Let's -- Cam, did you have --
QUESTION: Different subject? Is that okay?
MR. CASEY: Are we okay with that? Okay, go ahead.
QUESTION: Can you give us a reaction to the statements that were published in the Communist Party newspaper Gramma this morning by Raul Castro in which he said that he had mobilized Cuba's armed forces expecting a possible invasion from the U.S. and couldn't risk someone in the Bush Administration going crazy or even crazier, I think were his words, and also the criticism that he leveled against the U.S. plan for a post-Castro Cuba?
MR. CASEY: Well, gee, I guess you're asking me what we think of remarks by Fidel's baby brother. What do we think of them? I guess not much is the answer. You know, we're not particularly fond, as you know, of the Government of Cuba as run by Fidel. I can't say that we're particularly enamored of the first words we've heard from Fidel Lite.
The situation in Cuba is definitely one that continues to be of grave concern for us. The plan that's been put forward -- and you've heard from Caleb McCarry, our Special Coordinator for Cuban Policy, as well as from Tom Shannon and others in recent days about this. The plan that we've put forward is designed to assist the Cuban people as they move through a transition to a democratic government. It's our firm hope that that transition comes sooner rather than later. But as we've made clear, that plan exists to assist the Cuban people in that transition and to provide them help when they ask us for it.
We certainly want to do everything we can to hasten that day and to help that day move forward, and you've heard about some of our efforts in broadcasting, some of our efforts in trying to help break the information blockade that the Cuban Government has imposed on its people to try and do that. But you know, I think that the efforts of the Castro government to impose some kind of dynastic succession on the island are certainly things that are not only not acceptable to us but we think in the long run aren't going to be acceptable to the Cuban people either.
QUESTION: But fathers and -- sons succeed fathers in this country.
MR. CASEY: Yeah. Amazingly --
QUESTION: -- in this kind of dynamic.
MR. CASEY: -- amazingly, though, Barry, they do it through free and fair election and --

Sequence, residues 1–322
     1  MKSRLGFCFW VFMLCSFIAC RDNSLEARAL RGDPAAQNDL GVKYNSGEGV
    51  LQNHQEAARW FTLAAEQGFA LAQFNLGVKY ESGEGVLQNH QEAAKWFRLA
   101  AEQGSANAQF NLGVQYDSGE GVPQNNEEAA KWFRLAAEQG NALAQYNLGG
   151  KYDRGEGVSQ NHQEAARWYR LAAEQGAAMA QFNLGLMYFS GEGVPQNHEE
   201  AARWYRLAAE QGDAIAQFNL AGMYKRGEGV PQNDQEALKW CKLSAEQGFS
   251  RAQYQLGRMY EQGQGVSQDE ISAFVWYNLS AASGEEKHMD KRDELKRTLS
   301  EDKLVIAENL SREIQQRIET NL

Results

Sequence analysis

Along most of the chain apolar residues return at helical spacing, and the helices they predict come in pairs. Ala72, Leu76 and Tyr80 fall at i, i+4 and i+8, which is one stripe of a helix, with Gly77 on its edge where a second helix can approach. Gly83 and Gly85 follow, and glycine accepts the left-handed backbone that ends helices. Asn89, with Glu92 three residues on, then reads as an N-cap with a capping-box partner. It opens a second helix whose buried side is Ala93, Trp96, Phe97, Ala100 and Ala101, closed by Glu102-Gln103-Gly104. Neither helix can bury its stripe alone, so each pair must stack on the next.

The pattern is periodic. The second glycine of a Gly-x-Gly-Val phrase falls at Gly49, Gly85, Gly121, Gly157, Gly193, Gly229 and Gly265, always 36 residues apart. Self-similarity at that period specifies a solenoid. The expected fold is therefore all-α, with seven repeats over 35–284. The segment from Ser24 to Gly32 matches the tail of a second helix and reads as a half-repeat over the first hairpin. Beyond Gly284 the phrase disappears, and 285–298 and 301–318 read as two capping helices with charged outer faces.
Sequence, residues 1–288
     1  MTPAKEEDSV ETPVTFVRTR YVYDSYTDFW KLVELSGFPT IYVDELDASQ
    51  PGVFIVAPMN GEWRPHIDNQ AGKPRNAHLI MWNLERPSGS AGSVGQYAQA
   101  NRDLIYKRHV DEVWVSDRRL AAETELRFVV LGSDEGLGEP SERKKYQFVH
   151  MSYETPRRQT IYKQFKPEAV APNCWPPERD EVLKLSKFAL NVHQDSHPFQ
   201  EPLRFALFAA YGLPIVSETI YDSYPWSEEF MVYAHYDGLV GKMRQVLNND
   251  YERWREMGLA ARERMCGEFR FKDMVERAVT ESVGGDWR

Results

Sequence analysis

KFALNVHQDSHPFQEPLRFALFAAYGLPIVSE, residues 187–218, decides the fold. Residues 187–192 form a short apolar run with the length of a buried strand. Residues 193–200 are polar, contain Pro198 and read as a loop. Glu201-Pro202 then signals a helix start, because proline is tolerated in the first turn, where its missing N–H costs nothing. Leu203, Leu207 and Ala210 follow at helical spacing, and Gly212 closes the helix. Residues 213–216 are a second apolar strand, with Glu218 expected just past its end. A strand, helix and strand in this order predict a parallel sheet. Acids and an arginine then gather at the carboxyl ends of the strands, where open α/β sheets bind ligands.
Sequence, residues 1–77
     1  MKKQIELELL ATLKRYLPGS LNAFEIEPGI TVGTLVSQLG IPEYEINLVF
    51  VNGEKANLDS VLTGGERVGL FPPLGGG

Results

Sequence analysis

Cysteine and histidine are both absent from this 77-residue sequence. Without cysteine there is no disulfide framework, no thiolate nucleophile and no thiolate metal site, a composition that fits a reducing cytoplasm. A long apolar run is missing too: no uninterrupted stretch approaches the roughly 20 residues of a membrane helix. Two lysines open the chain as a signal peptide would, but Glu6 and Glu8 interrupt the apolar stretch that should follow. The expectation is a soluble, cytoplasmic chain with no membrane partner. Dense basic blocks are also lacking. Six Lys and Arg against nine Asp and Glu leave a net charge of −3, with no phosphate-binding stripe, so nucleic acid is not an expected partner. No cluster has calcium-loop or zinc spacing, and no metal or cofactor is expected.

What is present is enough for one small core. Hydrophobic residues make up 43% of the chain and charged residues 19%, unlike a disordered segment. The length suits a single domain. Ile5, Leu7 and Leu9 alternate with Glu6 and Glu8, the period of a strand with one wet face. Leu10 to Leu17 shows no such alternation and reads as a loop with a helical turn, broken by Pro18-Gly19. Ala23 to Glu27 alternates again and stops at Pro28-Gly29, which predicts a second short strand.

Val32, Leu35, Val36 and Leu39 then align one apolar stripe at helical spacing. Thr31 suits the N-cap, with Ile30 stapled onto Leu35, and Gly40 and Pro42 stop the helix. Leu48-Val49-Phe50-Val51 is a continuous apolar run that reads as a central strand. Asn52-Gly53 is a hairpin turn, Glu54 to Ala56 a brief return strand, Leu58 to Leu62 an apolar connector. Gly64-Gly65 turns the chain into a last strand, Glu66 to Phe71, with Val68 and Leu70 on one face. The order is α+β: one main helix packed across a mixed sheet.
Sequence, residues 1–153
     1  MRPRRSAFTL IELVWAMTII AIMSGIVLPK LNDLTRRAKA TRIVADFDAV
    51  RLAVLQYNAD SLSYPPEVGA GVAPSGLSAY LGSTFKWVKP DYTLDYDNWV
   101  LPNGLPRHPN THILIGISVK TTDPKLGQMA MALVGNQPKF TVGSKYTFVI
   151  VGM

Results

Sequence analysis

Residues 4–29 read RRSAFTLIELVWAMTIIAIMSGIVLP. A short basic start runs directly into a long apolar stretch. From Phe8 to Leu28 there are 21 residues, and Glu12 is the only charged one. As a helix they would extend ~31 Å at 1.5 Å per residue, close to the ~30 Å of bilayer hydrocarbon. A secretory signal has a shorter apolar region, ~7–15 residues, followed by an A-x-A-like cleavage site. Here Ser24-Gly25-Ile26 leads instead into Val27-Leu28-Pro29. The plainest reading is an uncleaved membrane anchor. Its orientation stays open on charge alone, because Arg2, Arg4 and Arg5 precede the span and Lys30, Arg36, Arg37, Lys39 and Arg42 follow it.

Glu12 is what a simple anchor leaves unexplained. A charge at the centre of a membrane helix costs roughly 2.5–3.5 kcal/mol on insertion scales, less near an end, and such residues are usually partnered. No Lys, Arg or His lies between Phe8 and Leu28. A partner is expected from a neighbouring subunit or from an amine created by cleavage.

QUESTION: Right. But it's not against the law for someone's son to take over or brother take over.
MR. CASEY: I think what would be a wonderful thing to happen is --
QUESTION: It's so (inaudible). It's a cheap shot.
MR. CASEY: -- that the people of Cuba were given the opportunity --
QUESTION: Well, of course.
MR. CASEY: -- to vote for who they wish to have for their leader. And I think we'll take the bet that the choice would not be a continuation of the Castro regime.
QUESTION: Well, can I ask you about one of our -- one of the U.S. good friends, Turkey?
MR. CASEY: Barry, I think we're -- I think we're still on Cuba, but then we can go to Turkey.
QUESTION: Yeah. (Inaudible) it's nearly three weeks since we know that Fidel Castro has been sick and we find now Raul Castro has made practically his first comments. What do you think? Do you think this succession is a little more advanced in their opinion or what do you think?
MR. CASEY: Well first of all, you know, I don't have anything new to offer you on Fidel Castro's health. I also don't have any way of trying to gauge how this rather closed and tight circle of a regime is trying to think or move forward. Again, I think the main point for us is that we think the ability of the Cuban people to live in freedom, to freely choose their leaders is long overdue. What we want to see is a transition from the current dictatorship to a democratic government. And we certainly don't think that a transition from Fidel to Raul Castro fits that bill.
QUESTION: But don't you say that the fact that -- they say that they have mobilized the army, preparing for an invasion. It looks like Raul Castro is trying to just prop up his friends where he probably has most of them.
MR. CASEY: Well, look, certainly this regime practices the same kind of cronyism that we saw in other communist regimes that have fortunately largely been consigned to history. Again, I don't have a way of judging the motivations behind this. But what we're looking for and what we want to see is a transition to a democratic Cuba.
Barry, do you want to do Turkey?
QUESTION: I think this was touched on yesterday, but I want to try again. There were persistent reports that Turkey permitted overflights of weapons bound for Hezbollah from -- and I wondered if the U.S. checked into that and if there's been any explanation offered by the Turkish Government, if true?
MR. CASEY: Well, Barry, basically I'd start by referring you back to what I said yesterday on this.
QUESTION: And I saw what you said, yeah.